By Sean Weinberg
Most of you know my weekly column for resume writing tips. But I’m changing direction a bit this week to address something I’ve found is really important to job seekers everywhere. It begins with a confession.
I don’t respond to every job application RezScore receives (yes, we’re hiring!).
When we first launched and weren’t getting that many applications, I’d review every one and respond with some personal comments, even when we were not going to conduct an interview. But eventually I stopped. I’m not proud of that, and I’m working on getting better at responding to job applicants. It’s a shameful thing to admit. But I think there may be some lessons for employers and job seekers in reviewing why I haven’t been responding to job applications as well as I should be.
I’ll clarify up front, some of these are poor excuses, but they are all the truth. Job seekers are right to demand that hirers change, but until hiring managers begin doing things differently, job seekers should try to understand why they don’t always get a response to their applications. I’m also hoping you’ll see that not getting a response to your job application doesn’t necessarily mean you did anything wrong.
I hate saying no
You took the time to write me a targeted cover letter, an excellent resume, and connect with me on LinkedIn. But you’re simply not a fit for the role. I respect your effort so much that I just hate to say no off the bat, even though I know that you are not the right hire. It’s easier for me to ignore your application and not respond at all. Job seekers probably like getting rejected even less than I like writing rejections, but it’s still painful for me to do.
You won’t take no for an answer
In the beginning, I’d carefully write out my reasons for rejecting a candidate and share it with them. Problem was when I did that, candidates frequently took it as an invitation to rebut. I certainly can’t blame them for wanting to rebut, but 99% of the rebuttals took the form of “…but I can learn that skill” when I need the candidate to already have that skill. I’d get caught up in these long back and forth emails when the answer was simply, no. Smart candidates won’t take no for an answer, but unfortunately that means I’ve learned to just avoid saying no altogether.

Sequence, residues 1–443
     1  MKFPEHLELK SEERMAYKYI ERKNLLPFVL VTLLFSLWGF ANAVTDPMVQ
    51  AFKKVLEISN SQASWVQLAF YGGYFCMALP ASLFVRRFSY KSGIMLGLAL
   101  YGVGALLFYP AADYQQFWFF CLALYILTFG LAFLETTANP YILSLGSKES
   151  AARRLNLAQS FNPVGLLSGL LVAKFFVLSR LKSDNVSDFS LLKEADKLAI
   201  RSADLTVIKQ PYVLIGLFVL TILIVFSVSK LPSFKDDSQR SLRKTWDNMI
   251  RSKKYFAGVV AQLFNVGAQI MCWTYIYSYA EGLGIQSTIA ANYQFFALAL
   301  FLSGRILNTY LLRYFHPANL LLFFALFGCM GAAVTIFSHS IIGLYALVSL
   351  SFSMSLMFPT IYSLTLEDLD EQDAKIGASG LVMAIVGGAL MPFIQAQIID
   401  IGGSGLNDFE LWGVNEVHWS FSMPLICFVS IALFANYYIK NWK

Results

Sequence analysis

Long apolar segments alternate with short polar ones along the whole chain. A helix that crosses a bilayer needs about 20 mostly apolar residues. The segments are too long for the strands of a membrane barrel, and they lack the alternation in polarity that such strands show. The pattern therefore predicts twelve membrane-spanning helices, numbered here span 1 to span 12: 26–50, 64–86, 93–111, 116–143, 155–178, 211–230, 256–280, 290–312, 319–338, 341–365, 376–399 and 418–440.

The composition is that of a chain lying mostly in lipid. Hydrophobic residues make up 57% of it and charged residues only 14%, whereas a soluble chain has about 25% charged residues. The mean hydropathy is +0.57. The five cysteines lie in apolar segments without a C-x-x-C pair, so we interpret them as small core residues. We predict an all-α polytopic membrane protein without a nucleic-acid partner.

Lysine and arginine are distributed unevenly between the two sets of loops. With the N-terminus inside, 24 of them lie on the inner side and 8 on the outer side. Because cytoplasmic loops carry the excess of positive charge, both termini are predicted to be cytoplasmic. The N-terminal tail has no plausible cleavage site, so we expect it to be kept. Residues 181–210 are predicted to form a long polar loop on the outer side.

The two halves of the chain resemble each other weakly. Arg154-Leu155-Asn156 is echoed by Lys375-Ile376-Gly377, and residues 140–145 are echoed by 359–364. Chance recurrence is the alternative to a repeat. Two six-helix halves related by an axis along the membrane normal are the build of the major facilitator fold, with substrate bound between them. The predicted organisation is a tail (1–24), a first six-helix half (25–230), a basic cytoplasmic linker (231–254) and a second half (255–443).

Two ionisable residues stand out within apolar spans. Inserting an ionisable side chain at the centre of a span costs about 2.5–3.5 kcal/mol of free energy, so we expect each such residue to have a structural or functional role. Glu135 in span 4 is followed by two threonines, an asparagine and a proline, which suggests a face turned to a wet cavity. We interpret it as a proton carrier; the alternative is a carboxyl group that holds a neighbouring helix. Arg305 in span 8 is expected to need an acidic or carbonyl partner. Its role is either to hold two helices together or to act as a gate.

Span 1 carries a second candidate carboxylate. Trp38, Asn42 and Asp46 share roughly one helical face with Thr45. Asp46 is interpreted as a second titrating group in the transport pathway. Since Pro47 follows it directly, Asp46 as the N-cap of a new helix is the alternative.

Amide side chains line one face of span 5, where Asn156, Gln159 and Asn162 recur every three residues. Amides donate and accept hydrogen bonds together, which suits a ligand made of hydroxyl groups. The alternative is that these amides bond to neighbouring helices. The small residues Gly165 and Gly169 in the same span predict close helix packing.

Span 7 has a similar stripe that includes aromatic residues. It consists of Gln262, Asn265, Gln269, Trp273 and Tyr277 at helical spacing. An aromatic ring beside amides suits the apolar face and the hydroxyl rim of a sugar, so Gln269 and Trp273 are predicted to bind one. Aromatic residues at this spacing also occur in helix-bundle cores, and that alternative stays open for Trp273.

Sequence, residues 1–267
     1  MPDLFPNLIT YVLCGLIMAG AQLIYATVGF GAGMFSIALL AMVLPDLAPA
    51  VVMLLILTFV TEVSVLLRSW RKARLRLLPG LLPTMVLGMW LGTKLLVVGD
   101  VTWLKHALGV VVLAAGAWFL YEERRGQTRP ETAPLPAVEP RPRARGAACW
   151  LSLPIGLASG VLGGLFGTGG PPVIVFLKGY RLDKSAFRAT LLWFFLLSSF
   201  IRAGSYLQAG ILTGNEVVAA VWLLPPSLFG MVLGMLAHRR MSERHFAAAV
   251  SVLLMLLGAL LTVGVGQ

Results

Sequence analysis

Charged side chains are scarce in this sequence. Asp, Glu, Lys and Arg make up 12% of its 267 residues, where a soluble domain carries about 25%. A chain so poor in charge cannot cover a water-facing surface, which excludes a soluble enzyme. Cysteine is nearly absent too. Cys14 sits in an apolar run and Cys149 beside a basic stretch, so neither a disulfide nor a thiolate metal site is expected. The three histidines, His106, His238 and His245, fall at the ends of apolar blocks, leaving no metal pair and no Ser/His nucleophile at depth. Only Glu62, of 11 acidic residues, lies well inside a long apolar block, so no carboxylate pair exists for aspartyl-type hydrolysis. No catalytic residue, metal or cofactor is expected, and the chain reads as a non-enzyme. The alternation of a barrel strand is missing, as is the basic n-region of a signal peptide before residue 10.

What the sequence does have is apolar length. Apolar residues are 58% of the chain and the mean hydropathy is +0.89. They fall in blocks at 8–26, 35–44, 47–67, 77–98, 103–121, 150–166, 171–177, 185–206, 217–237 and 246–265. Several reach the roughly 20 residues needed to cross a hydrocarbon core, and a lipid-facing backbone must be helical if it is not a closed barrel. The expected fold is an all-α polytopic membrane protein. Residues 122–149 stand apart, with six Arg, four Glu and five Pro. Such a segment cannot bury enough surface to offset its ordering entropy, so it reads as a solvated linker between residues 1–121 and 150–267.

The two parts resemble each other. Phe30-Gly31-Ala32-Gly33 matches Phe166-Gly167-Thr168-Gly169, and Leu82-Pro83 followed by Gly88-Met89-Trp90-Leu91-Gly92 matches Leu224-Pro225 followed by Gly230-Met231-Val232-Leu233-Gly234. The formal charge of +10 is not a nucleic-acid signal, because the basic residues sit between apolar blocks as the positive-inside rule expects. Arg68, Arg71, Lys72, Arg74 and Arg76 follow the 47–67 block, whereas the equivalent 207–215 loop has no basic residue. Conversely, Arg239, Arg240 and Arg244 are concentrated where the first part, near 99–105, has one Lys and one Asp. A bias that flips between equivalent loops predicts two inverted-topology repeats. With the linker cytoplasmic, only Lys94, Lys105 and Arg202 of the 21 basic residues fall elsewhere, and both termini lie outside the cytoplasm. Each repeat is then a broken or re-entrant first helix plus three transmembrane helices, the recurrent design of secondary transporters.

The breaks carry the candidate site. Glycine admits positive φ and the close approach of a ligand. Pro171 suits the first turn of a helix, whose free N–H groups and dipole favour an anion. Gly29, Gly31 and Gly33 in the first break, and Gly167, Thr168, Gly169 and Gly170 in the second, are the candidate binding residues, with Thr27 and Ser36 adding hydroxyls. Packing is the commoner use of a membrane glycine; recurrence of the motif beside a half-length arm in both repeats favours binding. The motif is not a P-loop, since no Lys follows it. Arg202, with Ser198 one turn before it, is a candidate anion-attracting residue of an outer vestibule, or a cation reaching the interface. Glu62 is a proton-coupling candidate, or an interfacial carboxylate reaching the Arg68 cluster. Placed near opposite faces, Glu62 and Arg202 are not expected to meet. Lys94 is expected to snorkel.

Your application is untargeted or didn’t follow directions
If your cover letter mentions another company’s name, or your background is a mechanic and I’m hiring for a writer, I’m not going to put more effort into a response than you put into your application. Similarly, if we ask for a particular format or line item – it’s for a reason. If you didn’t follow the directions, it means you either didn’t read or didn’t care enough to follow them. In fact, sometimes I throw in a small direction (i.e. use subject line “RezScore Job Application”) to automatically weed out hasty applications.
I don’t have time
This one is the worst. But I get dozens, if not hundreds, of emails a day that require a meaningful response. Never mind the avalanche of marketing or unsolicited emails. Some days I feel like my entire job is simply replying to email. That means I have to prioritize, and it’s easier for me to downgrade responding to an applicant than it is to delay a reply to a big client. We’re also constantly hiring writers, but mostly because we like diversity, not because our existing group of writers can’t handle the volume. I can always afford to delay responding to an applicant because we have a good enough writer roster as is.
There are a few other reasons I may not have responded. I may not have received it in the first place. You may have mistyped my email address. My emails to you may be going to your junk folder. You may have an email address that is off-putting. The role may be on hold. The list goes on and on….
There is hope though! I respond to 90% of follow up emails I get. If you’ve applied online through our Simply Hired posting and then taken the time to follow up with me a week later, I will respect your effort and make sure to reply to your application. And I know that other employers work the same way.
What do you think? Are my excuses valid? Have you ever ignored an applicant?
Sean Weinberg is the COO and co-founder of RezScore, a free web application that reads, analyzes, and grades resumes – instantly. Also the founder of Freedom Resumes, Sean has dedicated his career to helping job seekers write the best possible resumes.